If we listened to scientists we might get all upset about climate change. An example is the current article by Robert Hunziker reporting that a decade-old paper on the "worst case" has turned out to be conservative, even though it was intended not as a prediction but as a stimulus to get us thinking.
Why has reality met or exceeded what was said to be the worst case? In part because the Intergovernmental Panel on Climate Change (IPCC) has neglected many factors and used linear or straight-line projections. "In the real world 'discontinuities' (non-linear) are common throughout climate history," Hunziker explains.
It's easy to grasp why purveyors of fossil fuels have funded candidates, lobbyists, and "think tanks" that protect their interests. Those who extract and sell coal, oil, and natural gas do not want to curtail their business and leave their reserves "in the ground." Stock prices would fall.
Less easy to understand is what radical-right ideology could offer as a solution if climate change were happening. If you praise "the free market" as the cure for almost every economic problem, if you denounce government regulation, and if you have faith that we will be saved somehow by a technical device, then why worry? Climate change can't be real because, if it were, any adequate solution would require a change of ideology.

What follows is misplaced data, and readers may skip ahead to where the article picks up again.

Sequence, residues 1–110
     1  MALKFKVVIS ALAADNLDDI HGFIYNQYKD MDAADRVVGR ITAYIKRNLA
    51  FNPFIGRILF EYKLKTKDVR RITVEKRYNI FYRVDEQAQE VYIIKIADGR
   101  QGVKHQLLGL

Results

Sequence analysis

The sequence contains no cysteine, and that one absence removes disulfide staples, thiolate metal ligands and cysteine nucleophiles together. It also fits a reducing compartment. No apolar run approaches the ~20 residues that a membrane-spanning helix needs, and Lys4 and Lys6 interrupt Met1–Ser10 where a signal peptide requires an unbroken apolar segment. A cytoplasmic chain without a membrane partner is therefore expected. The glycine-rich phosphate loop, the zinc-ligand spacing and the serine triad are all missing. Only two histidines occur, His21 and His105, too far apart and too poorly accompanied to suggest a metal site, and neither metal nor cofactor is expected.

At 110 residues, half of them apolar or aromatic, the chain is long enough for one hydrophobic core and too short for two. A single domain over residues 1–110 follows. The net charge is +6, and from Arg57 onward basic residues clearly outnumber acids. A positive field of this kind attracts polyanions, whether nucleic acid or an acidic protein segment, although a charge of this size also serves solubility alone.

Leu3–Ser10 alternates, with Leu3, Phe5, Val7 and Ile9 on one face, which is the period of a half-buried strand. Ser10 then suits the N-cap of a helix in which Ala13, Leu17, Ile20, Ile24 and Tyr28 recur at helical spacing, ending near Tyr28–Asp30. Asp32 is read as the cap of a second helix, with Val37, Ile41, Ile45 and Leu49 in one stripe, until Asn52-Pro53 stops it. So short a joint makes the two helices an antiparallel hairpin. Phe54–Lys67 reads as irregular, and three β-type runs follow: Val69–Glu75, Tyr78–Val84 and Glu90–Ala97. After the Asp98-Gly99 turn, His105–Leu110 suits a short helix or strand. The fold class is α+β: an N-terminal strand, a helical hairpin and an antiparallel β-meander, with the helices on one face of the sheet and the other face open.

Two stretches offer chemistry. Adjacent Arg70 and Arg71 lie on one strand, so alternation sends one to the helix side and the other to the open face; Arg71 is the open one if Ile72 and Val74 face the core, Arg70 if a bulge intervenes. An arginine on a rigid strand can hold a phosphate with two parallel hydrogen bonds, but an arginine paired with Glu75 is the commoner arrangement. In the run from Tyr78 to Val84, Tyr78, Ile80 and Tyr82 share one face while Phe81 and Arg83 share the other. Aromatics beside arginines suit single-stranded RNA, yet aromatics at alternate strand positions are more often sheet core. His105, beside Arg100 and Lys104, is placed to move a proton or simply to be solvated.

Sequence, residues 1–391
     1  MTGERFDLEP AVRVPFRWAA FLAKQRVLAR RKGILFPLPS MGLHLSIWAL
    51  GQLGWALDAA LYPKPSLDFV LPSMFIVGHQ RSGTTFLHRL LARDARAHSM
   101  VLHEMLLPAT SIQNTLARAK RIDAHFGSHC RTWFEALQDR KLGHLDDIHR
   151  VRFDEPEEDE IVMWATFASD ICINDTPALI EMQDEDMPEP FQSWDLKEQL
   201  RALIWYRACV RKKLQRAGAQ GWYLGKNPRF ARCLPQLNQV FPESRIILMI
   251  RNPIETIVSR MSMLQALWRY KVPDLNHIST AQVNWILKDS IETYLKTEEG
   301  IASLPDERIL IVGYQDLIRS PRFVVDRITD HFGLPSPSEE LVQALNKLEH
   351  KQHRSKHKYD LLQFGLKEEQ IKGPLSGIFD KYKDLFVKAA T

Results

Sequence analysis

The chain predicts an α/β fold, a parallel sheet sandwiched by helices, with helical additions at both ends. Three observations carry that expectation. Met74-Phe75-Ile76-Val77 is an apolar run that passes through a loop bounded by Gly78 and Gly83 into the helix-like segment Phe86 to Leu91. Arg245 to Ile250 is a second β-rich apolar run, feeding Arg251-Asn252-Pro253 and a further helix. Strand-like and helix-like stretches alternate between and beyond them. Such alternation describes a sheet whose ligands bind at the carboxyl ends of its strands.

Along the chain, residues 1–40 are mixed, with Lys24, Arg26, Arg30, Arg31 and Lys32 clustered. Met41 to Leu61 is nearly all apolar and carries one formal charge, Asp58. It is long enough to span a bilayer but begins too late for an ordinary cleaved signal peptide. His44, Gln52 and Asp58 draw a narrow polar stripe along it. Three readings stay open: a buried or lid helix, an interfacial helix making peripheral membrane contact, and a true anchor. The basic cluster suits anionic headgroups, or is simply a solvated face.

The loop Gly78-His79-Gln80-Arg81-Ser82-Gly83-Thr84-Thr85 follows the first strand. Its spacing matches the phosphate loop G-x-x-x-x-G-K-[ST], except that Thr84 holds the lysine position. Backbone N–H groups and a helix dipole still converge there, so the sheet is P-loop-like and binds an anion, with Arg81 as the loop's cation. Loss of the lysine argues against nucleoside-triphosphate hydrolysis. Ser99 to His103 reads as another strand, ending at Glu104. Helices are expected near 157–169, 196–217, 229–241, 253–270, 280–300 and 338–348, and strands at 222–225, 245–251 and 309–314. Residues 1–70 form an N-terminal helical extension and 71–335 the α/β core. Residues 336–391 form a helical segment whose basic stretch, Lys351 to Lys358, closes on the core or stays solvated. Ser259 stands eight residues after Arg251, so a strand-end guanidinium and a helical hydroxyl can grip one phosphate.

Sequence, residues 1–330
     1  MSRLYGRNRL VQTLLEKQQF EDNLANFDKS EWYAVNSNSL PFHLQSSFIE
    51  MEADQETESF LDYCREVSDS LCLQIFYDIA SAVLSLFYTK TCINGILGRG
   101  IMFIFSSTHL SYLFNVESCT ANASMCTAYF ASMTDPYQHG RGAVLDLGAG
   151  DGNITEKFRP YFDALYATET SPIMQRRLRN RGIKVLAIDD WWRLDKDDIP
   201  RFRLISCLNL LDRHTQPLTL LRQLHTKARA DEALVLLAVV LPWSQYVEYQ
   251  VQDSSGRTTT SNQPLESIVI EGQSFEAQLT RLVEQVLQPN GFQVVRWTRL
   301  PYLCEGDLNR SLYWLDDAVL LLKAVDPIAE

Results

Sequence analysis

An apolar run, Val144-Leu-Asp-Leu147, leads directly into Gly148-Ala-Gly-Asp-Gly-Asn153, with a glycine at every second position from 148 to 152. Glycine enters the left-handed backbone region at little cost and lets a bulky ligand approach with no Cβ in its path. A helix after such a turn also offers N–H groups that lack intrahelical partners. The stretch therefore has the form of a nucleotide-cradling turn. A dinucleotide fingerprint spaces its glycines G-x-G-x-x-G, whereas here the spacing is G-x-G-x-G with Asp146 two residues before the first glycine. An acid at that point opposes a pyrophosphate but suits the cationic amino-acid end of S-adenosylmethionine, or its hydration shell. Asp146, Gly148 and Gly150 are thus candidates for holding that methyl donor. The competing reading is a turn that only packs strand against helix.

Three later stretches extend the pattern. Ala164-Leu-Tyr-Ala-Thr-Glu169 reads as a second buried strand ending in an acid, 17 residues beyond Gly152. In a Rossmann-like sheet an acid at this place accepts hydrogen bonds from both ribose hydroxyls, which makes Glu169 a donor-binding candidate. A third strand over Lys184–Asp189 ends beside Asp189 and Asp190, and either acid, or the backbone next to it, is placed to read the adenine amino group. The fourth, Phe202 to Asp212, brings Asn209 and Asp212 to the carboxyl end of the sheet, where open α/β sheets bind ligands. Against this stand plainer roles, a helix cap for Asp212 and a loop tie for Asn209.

People who want to honor science often content themselves by laughing at deniers. For them, however, climate change is the issue from hell because of many factors, such as these:
The Way We Think
Humans are well equipped by evolution to respond with alacrity to sudden dangers, but not to gradual processes, even if the latter, over time, are even potentially fatal.
We feel that humans can't possibly affect something as huge as "climate," even if stubborn facts show we do.
It is easy to dismiss as "deplorables" people who lack a scientific education, to snort at them but do little more.
Nobody is to blame for the greenhouse gas phenomenon: fossil fuels powered the industrial revolution. Nobody could foresee their downside. Calamitous climate change can't be happening, because we didn't do anything wrong. It would be so unfair.
The cost of climate change is almost unimaginable, including the inundation of coastal cities and agricultural areas, flooding or drought in other growing areas, wildfires, terrible storms, and so forth. The prospect elicits a similar reaction as the prospect of nuclear war: it's too horrible to happen.
Our economic system works, at least for the top, and we fear "disrupting" it, even if conversion would generate many new jobs.
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